MULTIPLE SLIDE (OR PLUNGER) PRESS: Presses with multiple slides are built in two general types:
(a) In which individual slides are built into the main slide in order to provide an individual adjustment for each set of tools.
(b) In which individual slides have individual connections and cranks or eccentrics on the main shaft. This arrangement provides means for variations in length of stroke and timing as well as adjustment.
Multiple slide presses are usually equipped with transfer feeds or double roll feeds for automatic, progressive die production of stampings.


PERFORATING: The piercing of many holes, usually identical and arranged in regular pattern, in a sheet, blank or previously formed part. The holes are usually round, but May be of any other shape. The operation is also called multiple piercing. See Piercing.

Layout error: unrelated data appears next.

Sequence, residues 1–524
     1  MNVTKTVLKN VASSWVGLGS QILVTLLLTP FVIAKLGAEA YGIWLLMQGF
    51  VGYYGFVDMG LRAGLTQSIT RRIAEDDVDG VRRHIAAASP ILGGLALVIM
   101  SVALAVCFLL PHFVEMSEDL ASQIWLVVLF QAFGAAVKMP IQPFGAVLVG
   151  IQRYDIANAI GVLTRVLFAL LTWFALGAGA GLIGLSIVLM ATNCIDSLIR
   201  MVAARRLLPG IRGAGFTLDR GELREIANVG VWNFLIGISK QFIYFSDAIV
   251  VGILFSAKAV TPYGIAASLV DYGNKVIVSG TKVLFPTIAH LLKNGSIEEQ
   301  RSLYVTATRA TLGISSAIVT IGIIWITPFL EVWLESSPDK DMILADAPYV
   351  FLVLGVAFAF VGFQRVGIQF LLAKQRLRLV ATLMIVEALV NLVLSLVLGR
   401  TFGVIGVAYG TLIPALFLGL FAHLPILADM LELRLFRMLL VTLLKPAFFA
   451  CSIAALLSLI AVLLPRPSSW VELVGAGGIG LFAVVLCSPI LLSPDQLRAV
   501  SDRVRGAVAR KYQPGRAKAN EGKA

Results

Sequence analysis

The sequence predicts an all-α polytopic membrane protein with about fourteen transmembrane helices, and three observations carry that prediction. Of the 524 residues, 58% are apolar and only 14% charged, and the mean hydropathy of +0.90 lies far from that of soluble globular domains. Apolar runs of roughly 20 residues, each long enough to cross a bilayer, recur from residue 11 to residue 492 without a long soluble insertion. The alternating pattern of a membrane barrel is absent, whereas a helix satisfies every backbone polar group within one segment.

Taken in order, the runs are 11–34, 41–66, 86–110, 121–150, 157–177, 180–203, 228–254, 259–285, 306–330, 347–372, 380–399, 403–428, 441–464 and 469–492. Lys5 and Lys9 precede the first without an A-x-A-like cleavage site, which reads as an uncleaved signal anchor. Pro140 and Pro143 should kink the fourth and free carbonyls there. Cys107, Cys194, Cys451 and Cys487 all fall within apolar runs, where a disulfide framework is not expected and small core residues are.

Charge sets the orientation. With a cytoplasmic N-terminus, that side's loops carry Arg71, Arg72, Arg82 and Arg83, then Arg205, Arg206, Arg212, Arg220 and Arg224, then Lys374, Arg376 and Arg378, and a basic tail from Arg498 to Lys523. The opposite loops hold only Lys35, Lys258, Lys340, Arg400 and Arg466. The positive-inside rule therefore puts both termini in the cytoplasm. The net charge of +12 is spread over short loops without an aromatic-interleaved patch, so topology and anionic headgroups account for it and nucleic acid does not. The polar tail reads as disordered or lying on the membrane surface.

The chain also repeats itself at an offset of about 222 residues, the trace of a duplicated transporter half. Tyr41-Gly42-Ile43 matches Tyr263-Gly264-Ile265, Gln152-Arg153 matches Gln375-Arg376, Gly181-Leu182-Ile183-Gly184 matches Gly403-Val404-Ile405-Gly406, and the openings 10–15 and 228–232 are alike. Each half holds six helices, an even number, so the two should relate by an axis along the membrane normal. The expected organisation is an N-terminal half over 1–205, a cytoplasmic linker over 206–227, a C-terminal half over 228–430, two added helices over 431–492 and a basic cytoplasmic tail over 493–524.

PIERCING: The general term for cutting (shearing or punching) openings, such as holes and slots in sheet material, plate or parts. This is practically the same operation as blanking, the difference being that the slug or piece produced by piercing is scrap, whereas the blank produced by blanking is the useful part. In the two cases the burr is opposite. See Purr Side.


PROGRESSIVE DIES: A series of two or more dies arranged in line for performing two or more operations on a part, one operation (single or compound) being performed in each die, that is at each station. Work in the form of, strip is usually fed to progressive dies automatically by a roll feed, or blanks or parts are fed by a transfer feed.